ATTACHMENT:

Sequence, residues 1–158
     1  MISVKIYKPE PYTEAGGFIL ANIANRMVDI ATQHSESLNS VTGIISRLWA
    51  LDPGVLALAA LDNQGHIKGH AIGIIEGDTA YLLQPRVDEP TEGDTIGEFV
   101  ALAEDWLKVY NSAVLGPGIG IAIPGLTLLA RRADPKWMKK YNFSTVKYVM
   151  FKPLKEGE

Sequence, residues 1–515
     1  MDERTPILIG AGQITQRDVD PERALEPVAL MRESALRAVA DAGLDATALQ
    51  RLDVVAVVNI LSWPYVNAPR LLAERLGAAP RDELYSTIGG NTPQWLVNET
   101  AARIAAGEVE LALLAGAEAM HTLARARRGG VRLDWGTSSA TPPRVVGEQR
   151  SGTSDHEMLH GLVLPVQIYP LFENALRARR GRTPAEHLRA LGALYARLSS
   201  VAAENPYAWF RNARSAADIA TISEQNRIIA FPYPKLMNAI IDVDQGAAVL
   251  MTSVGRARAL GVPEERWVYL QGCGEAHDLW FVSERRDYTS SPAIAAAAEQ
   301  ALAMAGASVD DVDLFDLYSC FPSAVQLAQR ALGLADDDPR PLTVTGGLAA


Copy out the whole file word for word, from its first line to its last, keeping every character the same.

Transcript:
Sequence, residues 1–158
     1  MISVKIYKPE PYTEAGGFIL ANIANRMVDI ATQHSESLNS VTGIISRLWA
    51  LDPGVLALAA LDNQGHIKGH AIGIIEGDTA YLLQPRVDEP TEGDTIGEFV
   101  ALAEDWLKVY NSAVLGPGIG IAIPGLTLLA RRADPKWMKK YNFSTVKYVM
   151  FKPLKEGE

Sequence, residues 1–515
     1  MDERTPILIG AGQITQRDVD PERALEPVAL MRESALRAVA DAGLDATALQ
    51  RLDVVAVVNI LSWPYVNAPR LLAERLGAAP RDELYSTIGG NTPQWLVNET
   101  AARIAAGEVE LALLAGAEAM HTLARARRGG VRLDWGTSSA TPPRVVGEQR
   151  SGTSDHEMLH GLVLPVQIYP LFENALRARR GRTPAEHLRA LGALYARLSS
   201  VAAENPYAWF RNARSAADIA TISEQNRIIA FPYPKLMNAI IDVDQGAAVL
   251  MTSVGRARAL GVPEERWVYL QGCGEAHDLW FVSERRDYTS SPAIAAAAEQ
   301  ALAMAGASVD DVDLFDLYSC FPSAVQLAQR ALGLADDDPR PLTVTGGLAA